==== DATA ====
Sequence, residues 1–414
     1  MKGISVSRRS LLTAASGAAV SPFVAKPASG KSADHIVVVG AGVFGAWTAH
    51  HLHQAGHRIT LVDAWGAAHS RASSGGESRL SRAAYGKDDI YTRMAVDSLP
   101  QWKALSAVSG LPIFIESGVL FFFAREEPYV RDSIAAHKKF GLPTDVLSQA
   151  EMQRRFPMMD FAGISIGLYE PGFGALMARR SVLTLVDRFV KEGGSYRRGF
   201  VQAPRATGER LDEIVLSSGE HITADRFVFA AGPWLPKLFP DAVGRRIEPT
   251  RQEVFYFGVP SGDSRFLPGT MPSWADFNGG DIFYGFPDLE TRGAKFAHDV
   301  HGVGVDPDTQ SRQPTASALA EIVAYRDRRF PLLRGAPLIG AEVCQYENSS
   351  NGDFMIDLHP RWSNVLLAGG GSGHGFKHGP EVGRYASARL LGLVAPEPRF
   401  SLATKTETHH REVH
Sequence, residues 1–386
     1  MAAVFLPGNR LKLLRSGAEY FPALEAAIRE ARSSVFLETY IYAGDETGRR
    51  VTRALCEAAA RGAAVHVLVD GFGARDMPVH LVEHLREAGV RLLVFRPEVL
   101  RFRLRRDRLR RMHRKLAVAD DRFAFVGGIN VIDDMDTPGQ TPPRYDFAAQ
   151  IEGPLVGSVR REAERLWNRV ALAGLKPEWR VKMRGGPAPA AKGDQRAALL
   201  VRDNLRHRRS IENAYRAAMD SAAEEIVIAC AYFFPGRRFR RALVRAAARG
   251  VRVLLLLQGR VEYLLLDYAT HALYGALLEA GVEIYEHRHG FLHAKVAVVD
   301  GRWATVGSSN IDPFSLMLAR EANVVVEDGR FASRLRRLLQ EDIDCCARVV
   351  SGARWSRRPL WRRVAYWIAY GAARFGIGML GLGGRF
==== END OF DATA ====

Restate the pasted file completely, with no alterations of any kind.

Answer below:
Sequence, residues 1–414
     1  MKGISVSRRS LLTAASGAAV SPFVAKPASG KSADHIVVVG AGVFGAWTAH
    51  HLHQAGHRIT LVDAWGAAHS RASSGGESRL SRAAYGKDDI YTRMAVDSLP
   101  QWKALSAVSG LPIFIESGVL FFFAREEPYV RDSIAAHKKF GLPTDVLSQA
   151  EMQRRFPMMD FAGISIGLYE PGFGALMARR SVLTLVDRFV KEGGSYRRGF
   201  VQAPRATGER LDEIVLSSGE HITADRFVFA AGPWLPKLFP DAVGRRIEPT
   251  RQEVFYFGVP SGDSRFLPGT MPSWADFNGG DIFYGFPDLE TRGAKFAHDV
   301  HGVGVDPDTQ SRQPTASALA EIVAYRDRRF PLLRGAPLIG AEVCQYENSS
   351  NGDFMIDLHP RWSNVLLAGG GSGHGFKHGP EVGRYASARL LGLVAPEPRF
   401  SLATKTETHH REVH
Sequence, residues 1–386
     1  MAAVFLPGNR LKLLRSGAEY FPALEAAIRE ARSSVFLETY IYAGDETGRR
    51  VTRALCEAAA RGAAVHVLVD GFGARDMPVH LVEHLREAGV RLLVFRPEVL
   101  RFRLRRDRLR RMHRKLAVAD DRFAFVGGIN VIDDMDTPGQ TPPRYDFAAQ
   151  IEGPLVGSVR REAERLWNRV ALAGLKPEWR VKMRGGPAPA AKGDQRAALL
   201  VRDNLRHRRS IENAYRAAMD SAAEEIVIAC AYFFPGRRFR RALVRAAARG
   251  VRVLLLLQGR VEYLLLDYAT HALYGALLEA GVEIYEHRHG FLHAKVAVVD
   301  GRWATVGSSN IDPFSLMLAR EANVVVEDGR FASRLRRLLQ EDIDCCARVV
   351  SGARWSRRPL WRRVAYWIAY GAARFGIGML GLGGRF